Q. What can parents do when they have a defiant child who they feel bullies them?

A. "It's not at all uncommon for today's kids and teens to boss their parents around," says Sean Grover, author of "When Kids Call the Shots: How to Seize Control From Your Darling Bully -- and Enjoy Being a Parent Again" (Amazon, $15). Resist the instinct to bully back, advises Grover, a social worker who grew up in Freeport and lives in Manhattan.

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"Kids are at their worst with their parents, and parents are at their worst with their kids. They say things to their kids that they would never say to another adult," he says. "If you counter-bully, it escalates the conflict."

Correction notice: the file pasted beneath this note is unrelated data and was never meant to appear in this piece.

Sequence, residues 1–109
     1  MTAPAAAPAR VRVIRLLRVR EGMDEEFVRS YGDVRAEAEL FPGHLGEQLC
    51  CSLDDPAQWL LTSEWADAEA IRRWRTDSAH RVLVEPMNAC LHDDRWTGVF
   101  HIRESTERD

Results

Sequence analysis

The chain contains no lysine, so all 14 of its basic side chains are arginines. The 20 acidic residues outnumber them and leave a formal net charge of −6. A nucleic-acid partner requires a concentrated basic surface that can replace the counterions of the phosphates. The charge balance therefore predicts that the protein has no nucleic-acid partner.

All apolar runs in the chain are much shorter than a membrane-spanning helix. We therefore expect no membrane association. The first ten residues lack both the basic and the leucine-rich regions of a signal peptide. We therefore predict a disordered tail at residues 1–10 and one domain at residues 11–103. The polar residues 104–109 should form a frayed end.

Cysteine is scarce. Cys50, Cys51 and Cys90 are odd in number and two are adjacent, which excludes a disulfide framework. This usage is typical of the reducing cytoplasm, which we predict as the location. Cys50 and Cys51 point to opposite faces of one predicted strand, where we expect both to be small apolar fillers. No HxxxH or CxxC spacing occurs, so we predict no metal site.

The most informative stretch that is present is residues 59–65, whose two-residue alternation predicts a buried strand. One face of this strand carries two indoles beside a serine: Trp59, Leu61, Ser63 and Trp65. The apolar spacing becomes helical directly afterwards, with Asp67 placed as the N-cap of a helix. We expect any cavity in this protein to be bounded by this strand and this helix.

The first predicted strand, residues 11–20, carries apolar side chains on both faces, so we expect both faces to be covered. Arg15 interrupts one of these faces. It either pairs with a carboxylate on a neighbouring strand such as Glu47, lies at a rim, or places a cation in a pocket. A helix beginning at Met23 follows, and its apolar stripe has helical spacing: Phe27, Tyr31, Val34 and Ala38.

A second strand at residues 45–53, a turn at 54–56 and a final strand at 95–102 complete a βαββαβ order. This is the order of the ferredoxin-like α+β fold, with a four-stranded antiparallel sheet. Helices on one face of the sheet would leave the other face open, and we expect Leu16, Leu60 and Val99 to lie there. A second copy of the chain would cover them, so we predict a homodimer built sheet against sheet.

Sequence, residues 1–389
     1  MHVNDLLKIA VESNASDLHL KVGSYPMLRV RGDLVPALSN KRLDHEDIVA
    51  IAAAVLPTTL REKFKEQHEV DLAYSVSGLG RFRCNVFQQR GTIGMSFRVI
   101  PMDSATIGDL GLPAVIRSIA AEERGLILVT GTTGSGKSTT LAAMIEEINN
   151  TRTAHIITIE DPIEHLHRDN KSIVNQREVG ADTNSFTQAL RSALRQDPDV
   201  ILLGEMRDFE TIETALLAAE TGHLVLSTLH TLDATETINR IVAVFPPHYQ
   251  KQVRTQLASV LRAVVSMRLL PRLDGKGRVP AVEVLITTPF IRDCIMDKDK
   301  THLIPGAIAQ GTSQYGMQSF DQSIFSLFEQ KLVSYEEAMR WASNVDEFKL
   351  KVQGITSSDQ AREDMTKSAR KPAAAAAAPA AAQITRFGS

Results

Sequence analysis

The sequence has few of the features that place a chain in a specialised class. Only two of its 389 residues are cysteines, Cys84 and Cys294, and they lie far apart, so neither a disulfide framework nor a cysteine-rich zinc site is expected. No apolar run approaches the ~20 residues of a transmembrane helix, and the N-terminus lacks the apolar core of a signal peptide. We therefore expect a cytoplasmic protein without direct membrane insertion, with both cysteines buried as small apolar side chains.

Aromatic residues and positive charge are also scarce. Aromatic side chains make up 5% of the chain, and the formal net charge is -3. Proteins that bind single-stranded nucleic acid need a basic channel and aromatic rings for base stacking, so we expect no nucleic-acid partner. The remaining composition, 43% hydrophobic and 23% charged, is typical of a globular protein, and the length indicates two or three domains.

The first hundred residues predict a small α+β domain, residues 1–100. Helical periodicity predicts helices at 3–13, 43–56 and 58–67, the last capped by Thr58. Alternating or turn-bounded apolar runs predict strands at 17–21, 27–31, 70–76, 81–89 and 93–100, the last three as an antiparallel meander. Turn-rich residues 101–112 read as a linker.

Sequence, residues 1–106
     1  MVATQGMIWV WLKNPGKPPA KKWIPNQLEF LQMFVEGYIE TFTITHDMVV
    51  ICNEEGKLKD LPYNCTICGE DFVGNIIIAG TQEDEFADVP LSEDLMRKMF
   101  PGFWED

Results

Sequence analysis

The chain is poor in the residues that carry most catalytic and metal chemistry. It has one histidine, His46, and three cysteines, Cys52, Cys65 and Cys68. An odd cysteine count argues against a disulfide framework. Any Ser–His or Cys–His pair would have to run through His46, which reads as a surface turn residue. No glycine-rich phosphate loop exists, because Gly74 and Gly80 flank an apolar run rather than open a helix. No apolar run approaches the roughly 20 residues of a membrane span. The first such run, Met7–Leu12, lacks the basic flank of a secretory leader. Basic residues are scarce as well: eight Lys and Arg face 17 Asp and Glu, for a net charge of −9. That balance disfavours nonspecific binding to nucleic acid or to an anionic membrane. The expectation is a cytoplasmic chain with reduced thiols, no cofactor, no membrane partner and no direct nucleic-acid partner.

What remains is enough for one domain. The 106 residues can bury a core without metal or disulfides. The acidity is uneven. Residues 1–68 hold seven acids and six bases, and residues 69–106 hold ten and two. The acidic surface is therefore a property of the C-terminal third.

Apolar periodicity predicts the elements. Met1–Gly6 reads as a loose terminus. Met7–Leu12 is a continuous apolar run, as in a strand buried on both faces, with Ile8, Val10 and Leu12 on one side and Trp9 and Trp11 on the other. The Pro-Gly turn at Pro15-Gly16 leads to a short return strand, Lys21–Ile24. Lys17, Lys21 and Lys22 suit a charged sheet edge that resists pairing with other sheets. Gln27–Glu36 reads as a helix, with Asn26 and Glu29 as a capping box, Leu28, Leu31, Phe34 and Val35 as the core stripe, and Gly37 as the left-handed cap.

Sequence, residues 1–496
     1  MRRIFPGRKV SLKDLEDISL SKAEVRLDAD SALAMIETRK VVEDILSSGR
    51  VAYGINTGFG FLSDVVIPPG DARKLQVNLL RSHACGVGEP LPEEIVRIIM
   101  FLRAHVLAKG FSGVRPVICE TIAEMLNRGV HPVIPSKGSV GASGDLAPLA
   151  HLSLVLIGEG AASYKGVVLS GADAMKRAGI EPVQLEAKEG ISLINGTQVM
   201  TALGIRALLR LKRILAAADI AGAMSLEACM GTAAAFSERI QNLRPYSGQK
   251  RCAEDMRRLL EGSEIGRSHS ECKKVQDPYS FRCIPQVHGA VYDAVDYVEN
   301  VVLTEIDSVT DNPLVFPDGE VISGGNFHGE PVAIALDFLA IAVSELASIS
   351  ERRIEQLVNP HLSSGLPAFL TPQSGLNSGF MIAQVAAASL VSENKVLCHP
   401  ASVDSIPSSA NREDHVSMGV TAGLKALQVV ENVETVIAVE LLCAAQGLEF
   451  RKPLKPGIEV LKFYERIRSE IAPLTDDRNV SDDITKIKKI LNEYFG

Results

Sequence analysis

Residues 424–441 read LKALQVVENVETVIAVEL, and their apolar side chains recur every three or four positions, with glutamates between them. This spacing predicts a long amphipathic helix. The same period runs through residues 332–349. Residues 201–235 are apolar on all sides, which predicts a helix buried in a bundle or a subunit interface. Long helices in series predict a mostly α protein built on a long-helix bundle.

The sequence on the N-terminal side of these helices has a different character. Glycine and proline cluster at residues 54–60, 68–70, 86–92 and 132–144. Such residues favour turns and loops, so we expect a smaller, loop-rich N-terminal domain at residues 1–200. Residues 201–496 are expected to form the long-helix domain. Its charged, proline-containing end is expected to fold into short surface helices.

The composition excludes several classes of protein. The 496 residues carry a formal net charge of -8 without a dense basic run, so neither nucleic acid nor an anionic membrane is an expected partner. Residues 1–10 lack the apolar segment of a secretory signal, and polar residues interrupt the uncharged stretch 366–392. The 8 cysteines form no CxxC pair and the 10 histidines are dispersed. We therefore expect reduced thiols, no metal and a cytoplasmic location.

Grover says he's speaking from experience -- he has two teenage daughters. "My daughter told me to shut up the other day. Totally unacceptable," he says. But if he'd yelled back, "You don't tell me to shut up," which would be many parents' first instinct, there would be no opportunity for dialogue, he says. Instead, his wife jumped in and said, "We don't talk like that to each other in our family," Grover says. That triggered a deeper conversation about how to express frustration appropriately.

Grover will give a free, interactive parenting workshop -- with actors modeling ways to react to different realistic family conflicts -- Friday at the North Shore Child & Family Guidance Center in., Roslyn. Though that session is already full, check seangrover.com for future workshop dates on Long Island.